Intellectual property: Primark bosses take legal action after ‘fake’ store opens in Dubai

Intellectual property: Primark bosses take legal action after ‘fake’ store opens in Dubai

Bosses at the high-street discount clothing store, Primark, have announced that they are to take legal action against an Iranian clothes store which has just opened on one of the main shopping streets in Dubai.

The store boldly displays the Primark logo, in the same Primark blue, and opened without any permission from the international clothing brand.

The Iranian businessman behind the store is Yaqoub Hatami. He and four partners opened the store, claiming that they have never heard of Primark, and that the matching logo and livery was pure coincidence.

Now they have been alerted to the major UK brand, they claim to want to form a partnership, to make “Primark the most famous brand in the Middle East”.

Arabian customers are unfamiliar with the brand and therefore the opening largely went unnoticed by the shopping public in Dubai. However, the brand is well known by the thousands of British ex-pats living out there, and many claim that the clothing sold inside bears no resemblance to that available in UK Primark outlets.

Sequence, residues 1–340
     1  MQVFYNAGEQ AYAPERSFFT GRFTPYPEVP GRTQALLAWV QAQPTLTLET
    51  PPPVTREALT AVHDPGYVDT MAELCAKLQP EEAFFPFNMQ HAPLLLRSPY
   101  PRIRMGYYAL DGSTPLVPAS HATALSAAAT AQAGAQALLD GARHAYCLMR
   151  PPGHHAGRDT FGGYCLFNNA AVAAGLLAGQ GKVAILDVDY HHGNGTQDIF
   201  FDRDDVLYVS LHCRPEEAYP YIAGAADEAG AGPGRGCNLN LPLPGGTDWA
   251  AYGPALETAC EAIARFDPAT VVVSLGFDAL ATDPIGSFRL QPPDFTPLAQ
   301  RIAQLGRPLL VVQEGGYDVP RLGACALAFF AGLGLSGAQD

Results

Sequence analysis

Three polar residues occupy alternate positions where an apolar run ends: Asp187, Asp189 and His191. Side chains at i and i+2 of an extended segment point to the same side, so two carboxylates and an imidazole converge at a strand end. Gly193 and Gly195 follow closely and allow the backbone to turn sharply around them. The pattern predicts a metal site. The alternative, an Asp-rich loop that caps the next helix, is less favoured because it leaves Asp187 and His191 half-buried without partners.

A spokesman for Primark in the UK said: “This is not a legitimate store and the company is considering its legal options.”

Under UAE law the firm could be fined just under £1,680 for breaching Primark’s international trademark. However, the firm would also face the costs of closure and rebranding which could potentially be more expensive.

Faced with the threat of legal action, Mr Hatami said: “We are talking to them now. We want to be their franchise partner here in Dubai; we can make Primark famous in the Middle East.”

This is the second such case involving Primark in recent months. In March they took a Norwegian childrens’ clothing store to court for using their branding.

Primark currently operates some 236 stores across the UK, Ireland, Spain, Holland, Belgium, Germany and Portugal.

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Read more on the story (Financial Times – free signup)

What is a trademark? (FindLaw)

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